Looking Into the World’s Future. . .

Today, I posted the following on Maureen Downey’s blog and Jay Bookman’s blog, both columnists for the Atlanta Journal-Constitution.  Looking toward the world’s future, I see the following, forthcoming:

I had just posted the following on Maureen Downey’s blog in response to another poster’s reaction to fewer jobs in the world today because of increasing technological advances.  My worldwide plan proposes a visionary impact to create equity and peace among all of the people of this world in contrast with the hierarchial vision of Disney, Inc., and other corporate visionaries, who see profit for the few, as primary, not service to the many.  Here are my thoughts brought to this thread, also:

“The world will become even smaller in this century.  The people of this world are going to have to determine the world’s most important values, as our Founders did in their day. I am hoping that those who support an egalitarian worldview will prevail.

I have thought that the idea of service jobs would be the most reasonable answer to the coming technological advances which will usurp many jobs of average workers into our future.

What I can envision is a required service of all of our young people to this nation, either through the military or through the Peace Corps.  I would suspect that most of our young would prefer the Peace Corp to the possibility of killing/maiming others or being, themselves, killed/maimed.  As that avenue of additional jobs were to develop more throughout the world, that model could expand to having older people join the Peace Corps in more numbers than are there today so that their service to the world’s most needy would not only help to lift our planet as a whole but these service jobs would be paid for through our government, in conjunction with nonprofits, or from a satellite financial vehicle created within the United Nations, to serve the needs of all of the world’s humanity in becoming self-sufficient and self-governing, with democratic principles underlying this humane, worldwide effort.”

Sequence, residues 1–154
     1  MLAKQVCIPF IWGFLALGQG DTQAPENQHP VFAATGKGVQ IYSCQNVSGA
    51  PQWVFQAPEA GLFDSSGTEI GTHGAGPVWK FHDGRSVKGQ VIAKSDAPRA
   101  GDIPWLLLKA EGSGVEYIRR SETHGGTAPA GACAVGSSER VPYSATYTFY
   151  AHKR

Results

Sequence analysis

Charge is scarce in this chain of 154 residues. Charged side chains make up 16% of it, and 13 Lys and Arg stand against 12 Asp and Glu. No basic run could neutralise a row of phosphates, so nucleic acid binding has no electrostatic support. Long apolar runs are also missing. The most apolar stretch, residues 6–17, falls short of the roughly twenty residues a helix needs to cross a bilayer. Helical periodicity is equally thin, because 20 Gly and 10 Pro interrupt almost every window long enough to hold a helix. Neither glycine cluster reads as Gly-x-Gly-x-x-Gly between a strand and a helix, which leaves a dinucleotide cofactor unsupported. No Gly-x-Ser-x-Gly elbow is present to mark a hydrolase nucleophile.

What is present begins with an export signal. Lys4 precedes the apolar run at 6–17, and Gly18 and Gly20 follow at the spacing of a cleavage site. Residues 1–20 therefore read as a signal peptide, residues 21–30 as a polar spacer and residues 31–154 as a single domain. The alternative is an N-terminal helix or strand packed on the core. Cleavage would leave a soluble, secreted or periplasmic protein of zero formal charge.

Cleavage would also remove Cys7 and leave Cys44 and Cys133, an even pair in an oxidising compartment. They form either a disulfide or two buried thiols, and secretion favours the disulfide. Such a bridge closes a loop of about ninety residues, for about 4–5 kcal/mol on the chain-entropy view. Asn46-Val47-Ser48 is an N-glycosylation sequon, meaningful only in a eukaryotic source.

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Just as the choice in America is stark today – self-interests or the common good – so will the world, itself, in the 21st Century, have to choose between these two diametrically opposed philosophies.  One or the other will dominate.  The other will still exist, but in a secondary role.

I hope that our democratic tenets are buried so deeply within the souls of most Americans that egalitarianism, in that degree, will be the philosophy which will prevail into the world’s future.

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The world is going through “growing pains” similar to those of adolescents, except the world is growing to be one unit. Eventually, we will consider ourselves to be more Earthlings, or citizens of the world who must survive or perish together, than citizens of separate nations.  This is the working-through period of details, i.e. our “growing pains,” to come to that state of future being, as I see it.

MLK:  “We will either work together as brothers, or we will perish together as fools.”  (paraphrased)

http://getschooled.blog.ajc.com/2015/05/30/should-schools-follow-competitive-or-cooperative-models-can-they-be-both/

http://jaybookman.blog.ajc.com/2015/06/03/abuse-of-h1-b-visa-program-explains-a-lot-about-this-economy/

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4 Responses to Looking Into the World’s Future. . .

  1. So government force is an essential part of your program, even to the point of conscripting people to serve in the Peace Corps.

    • I suppose that is one way to perceive it. However, I think it is much better to be drafted to create a peaceful world than a warring one. Today there is too much romantic glory placed on “dying for one’s country,” when it is more courageous to live through one’s deeds for the purpose of creating harmony among the people’s of the world. Both military service and Peace Corps service involve self-sacrifice. One day, perhaps the United Nations will elicit volunteers from people all over the world, of all ages, for this noble, and very practical purpose.

  2. My sentiments are actually with yours; however, we do not live in an ideal world. Lincoln had to draft to save our Union. FDR had to draft to save our world. Better to draft for peace, without killing or maiming our young, than to draft them to kill or maim others or be killed and maimed themselves. Even though America does not presently implement a draft, our military service men and women are being killed and maimed terribly today. (And, some are committing suicide when they return to America, years later, because of the Post Traumatic Stress Syndrome of the brutalities caused by war.) Better to think of ways to implement peace rather than war throughout the globe. I’m open to more suggestions. At least, I have the conversation going in the right direction, I think.

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